Barbara Ellington, a health care volunteer, is helping her Athens neighbors live healthier lives. She gives them sound advice on how to take care of themselves and when to seek medical treatment.
Ellington received special training from nurses and health educators in Athens as part of the Community Health Partner Program.
Through that program, she and others have become a resource for people who have little access to health advice or medical care, as well as for those whose worlds are limited by lack of transportation or infirmity.
“I was able to educate my neighbor, and I got him to start taking his blood pressure medicine by telling him why it was important,” says Ellington, who completed the training in 2013 and uses what she learned on a regular basis.
She completed the training program with her sister.
As uninsured individuals with health problems, both women understand the challenges of not having health insurance. They frequently attend health fairs together, teaching those they meet about why it’s important to watch their health.
Community Health Partner training is offered every spring and fall, and the next five-week series of classes starts on March 19. The course is sponsored by the Athens Health Network, a nonprofit organization dedicated to improving health and access to health care in the Classic City.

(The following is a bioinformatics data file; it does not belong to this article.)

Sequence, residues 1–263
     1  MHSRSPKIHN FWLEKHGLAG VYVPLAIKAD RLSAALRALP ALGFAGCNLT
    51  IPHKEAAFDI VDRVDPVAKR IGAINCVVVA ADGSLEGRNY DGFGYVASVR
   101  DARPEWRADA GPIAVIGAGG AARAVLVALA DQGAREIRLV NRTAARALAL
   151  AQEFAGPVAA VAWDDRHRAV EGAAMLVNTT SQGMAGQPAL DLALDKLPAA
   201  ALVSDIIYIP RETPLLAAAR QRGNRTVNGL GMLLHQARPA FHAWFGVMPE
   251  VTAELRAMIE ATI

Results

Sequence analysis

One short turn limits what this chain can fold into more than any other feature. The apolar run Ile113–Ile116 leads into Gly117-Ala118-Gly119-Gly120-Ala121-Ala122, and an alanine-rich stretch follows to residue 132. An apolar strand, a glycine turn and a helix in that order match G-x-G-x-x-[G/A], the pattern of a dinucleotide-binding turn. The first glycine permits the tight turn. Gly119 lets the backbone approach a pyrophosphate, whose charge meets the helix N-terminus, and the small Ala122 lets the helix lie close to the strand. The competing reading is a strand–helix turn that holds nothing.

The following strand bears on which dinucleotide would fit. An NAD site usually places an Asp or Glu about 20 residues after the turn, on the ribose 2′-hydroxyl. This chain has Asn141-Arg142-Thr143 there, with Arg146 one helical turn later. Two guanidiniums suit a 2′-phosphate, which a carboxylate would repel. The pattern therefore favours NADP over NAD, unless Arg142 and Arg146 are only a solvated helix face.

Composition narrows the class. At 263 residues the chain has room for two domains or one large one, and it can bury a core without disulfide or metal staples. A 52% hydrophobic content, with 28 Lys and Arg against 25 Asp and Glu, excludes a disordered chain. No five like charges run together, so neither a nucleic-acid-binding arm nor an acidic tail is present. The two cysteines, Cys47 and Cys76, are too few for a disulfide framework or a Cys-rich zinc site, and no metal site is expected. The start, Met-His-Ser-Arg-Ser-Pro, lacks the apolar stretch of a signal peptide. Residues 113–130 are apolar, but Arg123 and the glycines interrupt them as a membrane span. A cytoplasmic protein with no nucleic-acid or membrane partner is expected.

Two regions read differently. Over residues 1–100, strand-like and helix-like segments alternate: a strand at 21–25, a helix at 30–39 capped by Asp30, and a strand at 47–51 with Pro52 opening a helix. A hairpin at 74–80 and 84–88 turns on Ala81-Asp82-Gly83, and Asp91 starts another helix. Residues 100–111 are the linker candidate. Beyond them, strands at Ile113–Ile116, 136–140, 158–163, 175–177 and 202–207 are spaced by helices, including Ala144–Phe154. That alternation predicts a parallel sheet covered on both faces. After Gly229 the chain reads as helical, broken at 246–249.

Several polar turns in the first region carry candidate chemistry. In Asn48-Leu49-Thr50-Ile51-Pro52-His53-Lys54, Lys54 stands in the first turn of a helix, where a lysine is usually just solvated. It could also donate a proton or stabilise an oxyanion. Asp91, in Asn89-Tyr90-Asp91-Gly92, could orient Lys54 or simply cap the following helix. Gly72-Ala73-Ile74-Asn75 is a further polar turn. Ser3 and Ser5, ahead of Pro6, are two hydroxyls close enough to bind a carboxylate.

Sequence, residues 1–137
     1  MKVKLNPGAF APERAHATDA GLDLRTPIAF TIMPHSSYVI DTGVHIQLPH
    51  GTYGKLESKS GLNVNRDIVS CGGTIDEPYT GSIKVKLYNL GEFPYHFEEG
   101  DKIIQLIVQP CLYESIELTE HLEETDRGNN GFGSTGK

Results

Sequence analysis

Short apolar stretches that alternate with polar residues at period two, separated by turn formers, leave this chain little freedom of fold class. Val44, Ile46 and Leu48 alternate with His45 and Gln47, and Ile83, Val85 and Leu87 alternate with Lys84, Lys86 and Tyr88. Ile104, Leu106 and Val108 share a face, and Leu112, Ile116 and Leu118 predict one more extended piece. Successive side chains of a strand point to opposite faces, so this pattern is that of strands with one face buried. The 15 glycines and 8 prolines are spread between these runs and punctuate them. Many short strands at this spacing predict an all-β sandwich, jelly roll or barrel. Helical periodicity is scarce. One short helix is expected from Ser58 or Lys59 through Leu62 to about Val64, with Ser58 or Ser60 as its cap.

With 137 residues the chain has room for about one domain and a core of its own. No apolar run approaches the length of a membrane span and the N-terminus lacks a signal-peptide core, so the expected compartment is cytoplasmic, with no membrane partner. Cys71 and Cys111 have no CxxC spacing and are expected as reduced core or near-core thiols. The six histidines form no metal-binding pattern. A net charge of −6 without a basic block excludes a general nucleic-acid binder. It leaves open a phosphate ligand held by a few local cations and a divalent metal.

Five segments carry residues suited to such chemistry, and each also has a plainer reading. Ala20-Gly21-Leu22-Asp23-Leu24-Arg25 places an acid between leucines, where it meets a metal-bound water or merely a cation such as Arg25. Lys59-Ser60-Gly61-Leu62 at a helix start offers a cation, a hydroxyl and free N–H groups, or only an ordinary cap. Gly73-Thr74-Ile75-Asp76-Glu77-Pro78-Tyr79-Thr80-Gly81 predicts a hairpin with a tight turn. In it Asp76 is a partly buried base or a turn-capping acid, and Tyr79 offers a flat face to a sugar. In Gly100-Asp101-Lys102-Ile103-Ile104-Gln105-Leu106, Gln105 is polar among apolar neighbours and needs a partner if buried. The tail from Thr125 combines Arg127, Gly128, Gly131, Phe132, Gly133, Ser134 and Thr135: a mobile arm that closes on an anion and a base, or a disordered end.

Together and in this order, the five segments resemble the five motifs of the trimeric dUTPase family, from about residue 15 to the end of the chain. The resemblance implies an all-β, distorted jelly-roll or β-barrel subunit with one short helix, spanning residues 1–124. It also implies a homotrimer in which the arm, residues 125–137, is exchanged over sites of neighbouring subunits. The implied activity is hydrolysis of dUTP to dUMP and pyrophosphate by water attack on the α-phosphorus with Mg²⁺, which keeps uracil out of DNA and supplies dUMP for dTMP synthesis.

“The purpose of the program is to help spread information to the low-income and underinsured population that may not know a lot about health care,” says Gale White Nyseth, who coordinates the effort.
People who sign up for the course meet for training sessions two nights a week for five weeks.
Nurses teach the volunteers about diabetes, hypertension and other chronic conditions that can lead to disability and death. During classes, the community members learn to check blood pressure, monitor blood glucose and take temperatures — skills they will put to use at health fairs and other events in town.
The program provides each student with a blood pressure cuff, a glucose monitor, a digital thermometer and other basic supplies.
The 20-hour curriculum allows the volunteers to graduate as certified lay health educators. In that capacity, they help people act in their own best interests by encouraging them to eat a healthier diet, stay active, avoid smoking and make wise use of cancer screenings and other tests.
“We go into different areas of the city, wealthy and poor, and we talk to the people . . . about health,” says Ellington, the community health partner who has been a lay health educator for nearly two years.
Reaching people in everyday settings
Paige Cummings, a nurse practitioner who teaches the course and is executive director of the Athens Nurses Clinic, says, “Once the West Broad Street Farmers Market opens back up again, we’ll have a table there every week with people doing blood pressure and passing out health information.”
The market is a popular gathering place for people from all walks of life, who drop by for naturally grown produce at a reasonable price. The produce is sold two days a week from May through October.